Terror in Europe
The probe, by West Midlands Police Counter-terrorism Unit, is linked to the terror attacks on Paris and BrusselsCharles Platiau/Reuters

Two men and a woman have been charged with terror offences as part of a police probe that followed the Paris and Brussels attacks. The trio, all from the Small Heath area of Birmingham, were arrested in on 14 and 15 April 2016.

Mohammed Ali Ahmed, 26, Zakaria Boufassil, 26, and Soumaya Boufassil, 29, were charged with terror-related crimes and will appear at Westminster Magistrates' Court on Friday 29 April.

Ahmed and Zakaria Boufassil are charged with the commission of offences abroad on or before July 7 2015. They are also charged with funding terrorism.

Ahmed and Soumaya Boufassil are charged with the preparation of terrorist acts between 1 January 2015 and 8 April 2016 as well as facing charges of intending to commit acts of terrorism, or assisting another to commit such acts, by collecting money.

Two other men arrested with the trio have been released on bail. Fazal Sajjad Younis Khan, 40, has been charged with the possession of CS spray and is due to appear at Birmingham Magistrates' Court on Friday 13 May while a 59-year-old man was released on bail without charge.

Their arrests were made by the West Midlands Counter Terrorism Unit which uses MI5 and local police intelligence and is based in Birmingham.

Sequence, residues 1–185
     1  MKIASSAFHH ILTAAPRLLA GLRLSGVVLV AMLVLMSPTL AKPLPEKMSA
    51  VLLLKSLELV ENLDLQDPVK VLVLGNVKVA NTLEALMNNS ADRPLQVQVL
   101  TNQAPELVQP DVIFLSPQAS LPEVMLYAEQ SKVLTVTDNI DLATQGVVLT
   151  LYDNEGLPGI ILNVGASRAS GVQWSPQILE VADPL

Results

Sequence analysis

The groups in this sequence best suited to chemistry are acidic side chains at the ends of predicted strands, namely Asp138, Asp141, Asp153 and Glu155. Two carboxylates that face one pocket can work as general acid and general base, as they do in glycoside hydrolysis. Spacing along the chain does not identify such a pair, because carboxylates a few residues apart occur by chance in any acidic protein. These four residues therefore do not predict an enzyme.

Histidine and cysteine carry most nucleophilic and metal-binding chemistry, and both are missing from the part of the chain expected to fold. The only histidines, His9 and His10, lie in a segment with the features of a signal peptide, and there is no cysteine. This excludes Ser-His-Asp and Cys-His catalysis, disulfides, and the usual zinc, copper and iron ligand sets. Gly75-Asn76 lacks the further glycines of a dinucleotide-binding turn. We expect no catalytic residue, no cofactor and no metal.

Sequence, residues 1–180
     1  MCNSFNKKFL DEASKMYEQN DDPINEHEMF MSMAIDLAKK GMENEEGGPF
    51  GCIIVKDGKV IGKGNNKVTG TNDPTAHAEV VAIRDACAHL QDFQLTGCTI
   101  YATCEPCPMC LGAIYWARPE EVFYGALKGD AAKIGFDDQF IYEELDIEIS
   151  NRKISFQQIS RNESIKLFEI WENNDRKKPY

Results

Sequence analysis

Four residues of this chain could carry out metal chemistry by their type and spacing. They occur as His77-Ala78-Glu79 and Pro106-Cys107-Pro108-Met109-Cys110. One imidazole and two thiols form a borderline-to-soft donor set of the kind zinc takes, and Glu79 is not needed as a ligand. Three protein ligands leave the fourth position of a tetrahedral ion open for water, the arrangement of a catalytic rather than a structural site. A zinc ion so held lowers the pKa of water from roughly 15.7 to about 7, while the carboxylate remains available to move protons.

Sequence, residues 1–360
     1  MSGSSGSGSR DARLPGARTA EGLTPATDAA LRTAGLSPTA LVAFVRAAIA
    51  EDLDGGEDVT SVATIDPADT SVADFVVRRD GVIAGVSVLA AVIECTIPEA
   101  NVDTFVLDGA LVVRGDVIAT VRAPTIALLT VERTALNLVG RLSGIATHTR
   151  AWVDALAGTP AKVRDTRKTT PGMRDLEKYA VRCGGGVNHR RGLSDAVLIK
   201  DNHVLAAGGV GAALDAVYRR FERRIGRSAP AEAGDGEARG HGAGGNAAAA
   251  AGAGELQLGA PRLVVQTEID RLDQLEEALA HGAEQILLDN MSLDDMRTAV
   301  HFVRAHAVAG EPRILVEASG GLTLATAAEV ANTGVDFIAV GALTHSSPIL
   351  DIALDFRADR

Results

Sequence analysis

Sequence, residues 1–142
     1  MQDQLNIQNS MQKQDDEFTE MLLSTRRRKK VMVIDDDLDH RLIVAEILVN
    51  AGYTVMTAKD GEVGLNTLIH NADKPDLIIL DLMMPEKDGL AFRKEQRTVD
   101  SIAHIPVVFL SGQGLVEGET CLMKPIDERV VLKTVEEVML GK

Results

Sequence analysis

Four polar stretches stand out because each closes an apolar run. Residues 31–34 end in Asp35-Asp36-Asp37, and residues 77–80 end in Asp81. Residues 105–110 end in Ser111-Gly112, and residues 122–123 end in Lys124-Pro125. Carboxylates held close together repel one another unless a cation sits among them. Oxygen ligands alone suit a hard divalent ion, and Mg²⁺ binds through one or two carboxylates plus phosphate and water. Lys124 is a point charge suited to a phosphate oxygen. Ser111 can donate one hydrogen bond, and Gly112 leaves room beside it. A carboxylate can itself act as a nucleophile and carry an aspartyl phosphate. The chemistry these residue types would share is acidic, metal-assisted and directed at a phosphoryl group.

Earlier in April, assistant chief constable Marcus Beale, who leads the unit, said the arrests followed a probe by West Midlands Counter Terrorism Unit (WMCTU), MI5 and other international partners including in Belgium and France.

"The arrests were pre-planned and intelligence-led. There was no risk to the public at any time and there is no information to suggest an attack in the UK was being planned," Beale said.

In an unrelated court case an east London man who sent 8,000 tweets promoting terrorist group Islamic State (Isis), including one with a link to one of their beheading videos, has been jailed for five years.

Mohammed Mohsin Ameen, 23, of Dagenham, pleaded guilty to five counts of encouraging terrorism and one count for dissemination of a terrorist publication at the Old Bailey.